Philadelphia put two new stars on display this morning -- two very young stars.

More than nine months after they were born attached at the lower chest and abdomen, twin girls Allison June and Amelia Lee Tucker greeted reporters and the public at Children's Hospital of Philadelphia, the AP reports.

Parents Shellie and Greg Tucker of Adams, N.Y., which lies about 300 miles north of Philadelphia, discovered that Shellie was carrying conjoined twins 20 weeks into her pregnancy.  

Doctors at the hospital, which has performed 21 twin separations since 1957, determined that Allison and Amelia would be strong candidates for separation based on prenatal ultrasounds and MRIs. According to hospital statistics, conjoined twins occur in about every 50,000 to 60,000 pregnancies.

Shortly after the hospital's diagnosis, doctors inserted expanders under the twins' skin to increase the surface area available to cover their exposed organs after separation. Before the surgery, the girls shared a liver, chest wall, diaphragm and pericardium. A 40-person medical team performed the seven-hour separation procedure on Nov. 7.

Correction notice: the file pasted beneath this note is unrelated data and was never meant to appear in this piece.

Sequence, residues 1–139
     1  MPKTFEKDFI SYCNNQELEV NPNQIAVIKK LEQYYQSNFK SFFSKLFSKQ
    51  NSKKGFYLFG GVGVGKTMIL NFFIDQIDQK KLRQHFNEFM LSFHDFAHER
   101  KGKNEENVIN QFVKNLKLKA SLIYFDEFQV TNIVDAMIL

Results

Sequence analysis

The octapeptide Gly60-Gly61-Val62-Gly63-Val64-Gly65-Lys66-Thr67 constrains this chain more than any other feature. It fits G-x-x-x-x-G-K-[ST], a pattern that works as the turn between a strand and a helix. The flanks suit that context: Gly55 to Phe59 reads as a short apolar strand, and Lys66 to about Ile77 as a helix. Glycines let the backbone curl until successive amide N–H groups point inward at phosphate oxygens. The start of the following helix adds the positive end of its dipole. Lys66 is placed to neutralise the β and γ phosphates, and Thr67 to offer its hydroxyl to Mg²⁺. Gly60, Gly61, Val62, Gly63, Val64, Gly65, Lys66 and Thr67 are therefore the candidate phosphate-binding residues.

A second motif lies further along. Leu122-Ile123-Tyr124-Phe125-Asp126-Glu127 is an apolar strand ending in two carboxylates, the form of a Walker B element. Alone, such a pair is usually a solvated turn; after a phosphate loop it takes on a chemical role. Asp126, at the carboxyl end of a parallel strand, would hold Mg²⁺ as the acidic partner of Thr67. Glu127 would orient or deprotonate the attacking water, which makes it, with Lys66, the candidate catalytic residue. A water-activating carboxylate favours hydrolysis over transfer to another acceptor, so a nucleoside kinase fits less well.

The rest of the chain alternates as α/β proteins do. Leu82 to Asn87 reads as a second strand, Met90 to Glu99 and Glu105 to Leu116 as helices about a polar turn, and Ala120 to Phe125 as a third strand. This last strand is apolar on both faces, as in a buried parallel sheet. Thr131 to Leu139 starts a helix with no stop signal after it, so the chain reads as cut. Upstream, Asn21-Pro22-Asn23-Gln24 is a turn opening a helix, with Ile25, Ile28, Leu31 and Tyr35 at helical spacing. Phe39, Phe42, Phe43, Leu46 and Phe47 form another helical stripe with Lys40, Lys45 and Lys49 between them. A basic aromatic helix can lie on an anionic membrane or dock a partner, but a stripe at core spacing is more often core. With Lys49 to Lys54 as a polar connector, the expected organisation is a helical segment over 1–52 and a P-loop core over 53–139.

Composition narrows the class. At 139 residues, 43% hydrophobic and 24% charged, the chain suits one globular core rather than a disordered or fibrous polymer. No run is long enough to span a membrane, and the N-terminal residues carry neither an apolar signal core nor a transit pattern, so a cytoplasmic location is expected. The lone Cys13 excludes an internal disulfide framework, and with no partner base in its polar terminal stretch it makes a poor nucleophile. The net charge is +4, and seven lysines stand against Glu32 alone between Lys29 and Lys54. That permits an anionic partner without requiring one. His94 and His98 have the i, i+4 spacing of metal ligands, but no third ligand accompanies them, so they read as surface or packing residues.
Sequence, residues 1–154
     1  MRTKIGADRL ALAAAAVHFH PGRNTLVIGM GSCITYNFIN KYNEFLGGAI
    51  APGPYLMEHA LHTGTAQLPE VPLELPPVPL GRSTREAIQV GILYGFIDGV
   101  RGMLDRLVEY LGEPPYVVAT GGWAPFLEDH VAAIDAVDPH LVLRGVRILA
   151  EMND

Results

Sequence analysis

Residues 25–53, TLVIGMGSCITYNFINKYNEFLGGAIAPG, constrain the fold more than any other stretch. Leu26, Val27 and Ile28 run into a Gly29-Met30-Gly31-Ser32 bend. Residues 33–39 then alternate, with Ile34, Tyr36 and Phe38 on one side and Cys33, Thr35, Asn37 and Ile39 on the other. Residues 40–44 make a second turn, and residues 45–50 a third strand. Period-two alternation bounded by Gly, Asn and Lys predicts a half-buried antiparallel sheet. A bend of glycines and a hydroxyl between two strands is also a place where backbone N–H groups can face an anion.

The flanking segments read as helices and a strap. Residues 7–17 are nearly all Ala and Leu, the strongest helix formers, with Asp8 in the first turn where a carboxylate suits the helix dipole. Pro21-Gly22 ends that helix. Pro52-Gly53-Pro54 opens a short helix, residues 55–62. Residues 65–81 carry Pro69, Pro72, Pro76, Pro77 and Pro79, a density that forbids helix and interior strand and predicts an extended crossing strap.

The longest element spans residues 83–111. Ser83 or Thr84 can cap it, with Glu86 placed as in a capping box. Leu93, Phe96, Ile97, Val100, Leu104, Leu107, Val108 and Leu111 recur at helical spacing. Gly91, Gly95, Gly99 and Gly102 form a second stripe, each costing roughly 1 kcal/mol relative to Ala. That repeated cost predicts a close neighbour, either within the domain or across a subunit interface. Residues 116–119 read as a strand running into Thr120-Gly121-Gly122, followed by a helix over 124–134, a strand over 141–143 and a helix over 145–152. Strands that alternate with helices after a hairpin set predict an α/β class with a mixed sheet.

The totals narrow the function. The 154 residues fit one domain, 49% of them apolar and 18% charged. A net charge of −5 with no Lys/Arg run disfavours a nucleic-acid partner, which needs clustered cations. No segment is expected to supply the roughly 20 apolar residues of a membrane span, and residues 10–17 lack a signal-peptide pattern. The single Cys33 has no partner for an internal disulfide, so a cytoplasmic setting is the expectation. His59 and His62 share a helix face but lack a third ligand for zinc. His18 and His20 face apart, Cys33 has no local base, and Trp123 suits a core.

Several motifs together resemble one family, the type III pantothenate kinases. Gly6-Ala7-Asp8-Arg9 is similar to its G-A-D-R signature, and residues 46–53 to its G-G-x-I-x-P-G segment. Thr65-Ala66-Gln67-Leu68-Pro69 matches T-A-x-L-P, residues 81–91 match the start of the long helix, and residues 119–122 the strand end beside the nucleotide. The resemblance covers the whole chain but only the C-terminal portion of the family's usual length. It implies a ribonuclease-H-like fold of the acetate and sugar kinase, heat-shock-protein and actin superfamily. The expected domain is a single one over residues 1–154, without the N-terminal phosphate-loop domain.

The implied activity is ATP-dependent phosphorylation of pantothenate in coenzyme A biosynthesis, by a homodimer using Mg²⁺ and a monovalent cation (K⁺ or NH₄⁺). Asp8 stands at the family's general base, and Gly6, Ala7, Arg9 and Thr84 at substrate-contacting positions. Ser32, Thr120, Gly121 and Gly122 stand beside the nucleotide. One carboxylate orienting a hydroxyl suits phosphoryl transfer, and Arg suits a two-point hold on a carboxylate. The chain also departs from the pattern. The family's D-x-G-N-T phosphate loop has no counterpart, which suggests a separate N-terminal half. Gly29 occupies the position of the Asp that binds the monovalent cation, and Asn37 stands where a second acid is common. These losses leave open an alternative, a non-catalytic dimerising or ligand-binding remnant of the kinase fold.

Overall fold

In Philadelphia Thursday, Allison and Amelia were rosy-cheeked and dressed in animal-striped shirts. Allison was discharged from the hospital Monday, while Amelia needs slightly more time to recover and will be held in care into the new year. Both girls still wear nasal tubes.

"We totally expect them to have full, independent lives," said pediatric surgeon Dr. Holly Hedrick, who led the medical team. 

The girls' mother said at a news conference Thursday that the experience tested her and her husband. Now that the twins are growing healthier, Shellie says she expects a bright future for both girls. 

"The burden is completely gone, and I am very, very happy," she said.